If you ever plan a trip to Udaipur, I would highly recommend a visit to Ranakpur which incidentally is named after the Rajput ruler Rana Kumbha who supported the construction of this temple during his rule.

The other place you must not miss while in Udaipur is Kumbhalgarh fort which is as unique if not more as the Great Wall of China.

Speaking of the wonders of the world, Ranakpur temple was also on the list of the Seven Wonders of the World.

About Shalzmojo


An interior designer by profession, writing is a passion which coupled with travel love blossomed into this blog where I love to just “do my thing”! Be it recipes, food events, travel jaunts, fiction dreaming or even meditative musings; all of it’s taken up quite passionately on my blog. I am a serious wine guzzler and love to chase butterflies in my free time.

This post is written for the December bloghop #mymojo with Shalzmojo.

Linking up for #wordsante with Namysaysso for every post deserves some love.

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  • Reply akshata December 18, 2017 at 2:55 pm

    The pics are marvellous and the unique thing about the pillars is indeed something intriguing.

    • Reply Shalini December 19, 2017 at 10:15 am

      Thanks Akshara, I have to go here one more time to try out the thali and hope to properly catch the changing colours.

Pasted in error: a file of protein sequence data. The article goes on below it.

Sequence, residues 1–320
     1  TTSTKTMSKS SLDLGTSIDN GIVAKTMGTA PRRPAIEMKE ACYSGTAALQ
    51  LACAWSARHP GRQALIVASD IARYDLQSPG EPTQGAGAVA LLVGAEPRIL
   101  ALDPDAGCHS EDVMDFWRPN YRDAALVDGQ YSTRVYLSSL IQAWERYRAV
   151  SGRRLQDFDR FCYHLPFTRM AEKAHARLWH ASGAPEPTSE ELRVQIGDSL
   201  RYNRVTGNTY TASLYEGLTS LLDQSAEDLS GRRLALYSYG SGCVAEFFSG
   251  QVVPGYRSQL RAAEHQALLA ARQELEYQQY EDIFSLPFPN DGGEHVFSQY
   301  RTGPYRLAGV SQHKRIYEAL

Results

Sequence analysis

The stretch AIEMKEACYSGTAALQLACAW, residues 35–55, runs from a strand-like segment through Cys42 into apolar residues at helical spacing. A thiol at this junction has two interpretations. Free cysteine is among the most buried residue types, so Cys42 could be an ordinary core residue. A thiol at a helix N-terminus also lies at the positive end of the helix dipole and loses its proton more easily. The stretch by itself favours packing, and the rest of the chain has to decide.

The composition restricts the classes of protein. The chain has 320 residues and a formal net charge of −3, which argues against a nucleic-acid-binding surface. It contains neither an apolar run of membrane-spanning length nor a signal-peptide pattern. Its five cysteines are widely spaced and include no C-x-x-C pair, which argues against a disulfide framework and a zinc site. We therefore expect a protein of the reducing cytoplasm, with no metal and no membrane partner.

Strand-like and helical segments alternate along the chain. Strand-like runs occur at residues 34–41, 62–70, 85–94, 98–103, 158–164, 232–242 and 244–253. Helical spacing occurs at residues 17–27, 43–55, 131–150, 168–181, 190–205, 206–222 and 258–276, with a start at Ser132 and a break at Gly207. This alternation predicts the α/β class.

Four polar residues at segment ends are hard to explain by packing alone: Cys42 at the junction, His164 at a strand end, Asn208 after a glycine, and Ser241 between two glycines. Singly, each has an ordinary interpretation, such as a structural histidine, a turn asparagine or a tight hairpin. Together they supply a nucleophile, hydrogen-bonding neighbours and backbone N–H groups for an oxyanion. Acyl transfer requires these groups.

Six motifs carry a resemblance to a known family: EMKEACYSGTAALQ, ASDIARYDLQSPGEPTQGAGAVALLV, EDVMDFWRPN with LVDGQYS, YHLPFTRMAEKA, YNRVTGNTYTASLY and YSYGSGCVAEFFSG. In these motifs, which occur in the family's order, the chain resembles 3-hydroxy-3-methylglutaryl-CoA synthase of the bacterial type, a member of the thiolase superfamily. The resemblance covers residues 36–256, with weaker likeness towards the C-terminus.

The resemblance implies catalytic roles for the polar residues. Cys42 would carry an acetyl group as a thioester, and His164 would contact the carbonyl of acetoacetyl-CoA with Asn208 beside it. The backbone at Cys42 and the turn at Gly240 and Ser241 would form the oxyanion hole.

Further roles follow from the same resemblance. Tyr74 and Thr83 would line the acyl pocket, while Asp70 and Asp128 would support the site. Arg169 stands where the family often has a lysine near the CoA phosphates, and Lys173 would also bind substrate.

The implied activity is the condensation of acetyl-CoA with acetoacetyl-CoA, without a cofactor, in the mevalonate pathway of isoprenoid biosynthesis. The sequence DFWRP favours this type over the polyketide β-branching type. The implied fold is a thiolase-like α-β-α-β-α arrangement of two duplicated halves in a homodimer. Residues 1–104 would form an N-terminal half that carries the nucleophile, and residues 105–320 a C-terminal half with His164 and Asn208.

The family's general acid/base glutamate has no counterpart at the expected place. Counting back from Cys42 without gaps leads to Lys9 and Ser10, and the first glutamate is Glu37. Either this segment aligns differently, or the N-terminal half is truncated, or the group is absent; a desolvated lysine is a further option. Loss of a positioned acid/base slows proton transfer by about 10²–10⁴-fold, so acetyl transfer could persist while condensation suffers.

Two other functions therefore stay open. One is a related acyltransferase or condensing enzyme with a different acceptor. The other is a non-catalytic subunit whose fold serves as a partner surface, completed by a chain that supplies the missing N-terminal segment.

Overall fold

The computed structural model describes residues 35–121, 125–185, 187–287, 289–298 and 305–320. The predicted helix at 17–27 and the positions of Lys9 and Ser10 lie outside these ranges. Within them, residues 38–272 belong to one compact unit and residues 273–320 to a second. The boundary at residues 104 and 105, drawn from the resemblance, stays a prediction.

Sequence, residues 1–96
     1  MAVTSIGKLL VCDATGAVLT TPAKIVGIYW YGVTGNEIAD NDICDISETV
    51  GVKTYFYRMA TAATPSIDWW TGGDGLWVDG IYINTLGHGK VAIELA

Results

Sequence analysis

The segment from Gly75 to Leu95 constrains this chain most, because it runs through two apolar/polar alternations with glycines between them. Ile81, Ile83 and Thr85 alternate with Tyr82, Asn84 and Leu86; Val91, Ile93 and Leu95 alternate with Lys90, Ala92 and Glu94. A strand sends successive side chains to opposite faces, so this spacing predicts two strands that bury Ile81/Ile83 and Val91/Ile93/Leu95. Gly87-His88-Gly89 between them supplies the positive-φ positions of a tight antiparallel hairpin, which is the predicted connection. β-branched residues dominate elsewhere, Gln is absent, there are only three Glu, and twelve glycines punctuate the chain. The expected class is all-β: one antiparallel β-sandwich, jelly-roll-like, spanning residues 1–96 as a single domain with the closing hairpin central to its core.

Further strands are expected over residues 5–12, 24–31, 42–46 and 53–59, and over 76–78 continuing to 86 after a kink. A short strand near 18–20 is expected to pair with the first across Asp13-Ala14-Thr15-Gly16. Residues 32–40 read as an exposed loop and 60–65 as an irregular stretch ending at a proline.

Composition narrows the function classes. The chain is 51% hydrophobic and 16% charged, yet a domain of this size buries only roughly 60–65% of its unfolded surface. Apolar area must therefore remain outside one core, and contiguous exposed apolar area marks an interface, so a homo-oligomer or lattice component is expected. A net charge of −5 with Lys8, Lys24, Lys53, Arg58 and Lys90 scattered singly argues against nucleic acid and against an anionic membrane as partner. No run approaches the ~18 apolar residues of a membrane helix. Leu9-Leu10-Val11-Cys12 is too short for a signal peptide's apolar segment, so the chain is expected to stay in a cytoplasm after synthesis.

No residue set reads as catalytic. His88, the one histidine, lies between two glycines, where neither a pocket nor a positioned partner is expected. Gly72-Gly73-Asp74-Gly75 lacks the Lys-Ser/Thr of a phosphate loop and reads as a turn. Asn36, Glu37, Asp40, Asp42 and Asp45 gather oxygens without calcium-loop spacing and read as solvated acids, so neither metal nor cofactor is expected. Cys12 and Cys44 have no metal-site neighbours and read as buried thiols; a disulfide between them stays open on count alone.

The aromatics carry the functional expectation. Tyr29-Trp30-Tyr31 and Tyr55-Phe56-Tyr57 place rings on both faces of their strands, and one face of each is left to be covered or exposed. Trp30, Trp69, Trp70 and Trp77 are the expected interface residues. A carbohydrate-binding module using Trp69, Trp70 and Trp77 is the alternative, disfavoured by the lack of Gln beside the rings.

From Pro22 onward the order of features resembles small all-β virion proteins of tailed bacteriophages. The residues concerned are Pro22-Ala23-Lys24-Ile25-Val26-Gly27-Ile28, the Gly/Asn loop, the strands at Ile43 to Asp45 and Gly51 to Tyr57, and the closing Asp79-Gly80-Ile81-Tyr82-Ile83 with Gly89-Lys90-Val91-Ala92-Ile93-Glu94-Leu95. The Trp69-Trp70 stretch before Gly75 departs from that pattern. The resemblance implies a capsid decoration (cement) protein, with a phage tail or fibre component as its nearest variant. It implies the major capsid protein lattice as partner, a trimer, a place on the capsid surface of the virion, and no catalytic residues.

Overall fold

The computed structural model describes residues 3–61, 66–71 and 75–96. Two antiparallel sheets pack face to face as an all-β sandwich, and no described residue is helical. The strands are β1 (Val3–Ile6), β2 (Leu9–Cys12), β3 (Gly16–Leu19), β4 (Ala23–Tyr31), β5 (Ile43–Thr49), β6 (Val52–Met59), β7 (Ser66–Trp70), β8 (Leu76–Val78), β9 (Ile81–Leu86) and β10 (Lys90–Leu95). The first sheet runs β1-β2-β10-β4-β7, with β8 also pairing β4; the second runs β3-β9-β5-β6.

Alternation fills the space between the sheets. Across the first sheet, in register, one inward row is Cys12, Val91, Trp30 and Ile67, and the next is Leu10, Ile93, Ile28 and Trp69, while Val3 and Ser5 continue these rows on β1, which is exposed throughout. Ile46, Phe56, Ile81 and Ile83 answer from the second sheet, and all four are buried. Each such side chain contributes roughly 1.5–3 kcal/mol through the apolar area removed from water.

• Reply mocktail mommies December 17, 2017 at 2:06 pm

    Wow!!! Lovely architecture pics…..

  • Reply Prasanna December 15, 2017 at 7:42 pm

    There is so much to see in our wonderful country….each of your posts tells us a tale!! love your travel series!!

    • Reply SHALINI BAISIWALA December 21, 2017 at 11:08 am

      Thanks so much Prasanna; I am glad people are not bored by now 😉

  • Reply Namratha December 15, 2017 at 2:06 pm

    Wow! Lovely architecture captured by lovely clicks! What a marvel

    • Reply SHALINI BAISIWALA December 21, 2017 at 11:09 am

      Thanks Namratha – this temple is unbelievably beautiful and clean! I have to go there once more !!

  • Reply Zainab December 15, 2017 at 8:43 am

    I have always loved your pics. You make these clicks come alive and now I want to visit Udaipur soon! Maybe next year around Eid 🙂
    A thali worth 90₹? I’m a foodie so def will try that!

    • Reply SHALINI BAISIWALA December 21, 2017 at 11:10 am

      Oh yeah Z you must must do that; check out my other blogs on Udaipur too for more tips on things to do! And thanks for the lovely compliment!! 🙂

  • Reply Aditi Kaushiva December 15, 2017 at 2:58 am

    Omg! The architecture is stunning! The details on the pillars. I love visiting such jems for the every same reason, not that I’m mighty religious but temples do offer a calming vibe and the architecture is impeccable.

    • Reply SHALINI BAISIWALA December 21, 2017 at 11:14 am

      Thanks Aditi. I had visited Dilwara too (no photography allowed there) and wasnt this impressed as I was with Ranakpur and the Jain temples in Jaisalmer (which is another post in this blog hop) – the architecture detailing is stunning in them and leaves you spell bound, wondering how on earth did they carve it let alone design it!

  • Reply Keerthi Vydyula December 14, 2017 at 9:39 pm

    Loved the post and the way you took me through the important details of this temple architecture Shalz.
    I usually go to temples which vast history for the same reason. Just to witness that beauty with my eyes and also absorb some positive energy 😀

    • Reply SHALINI BAISIWALA December 21, 2017 at 11:16 am

      Thanks Keerthi – yup thats the reason I go too! India sure has some of the most stunning ones in the world I think! I am so glad to be born in India to be able to travel to these places at a fraction of a cost!!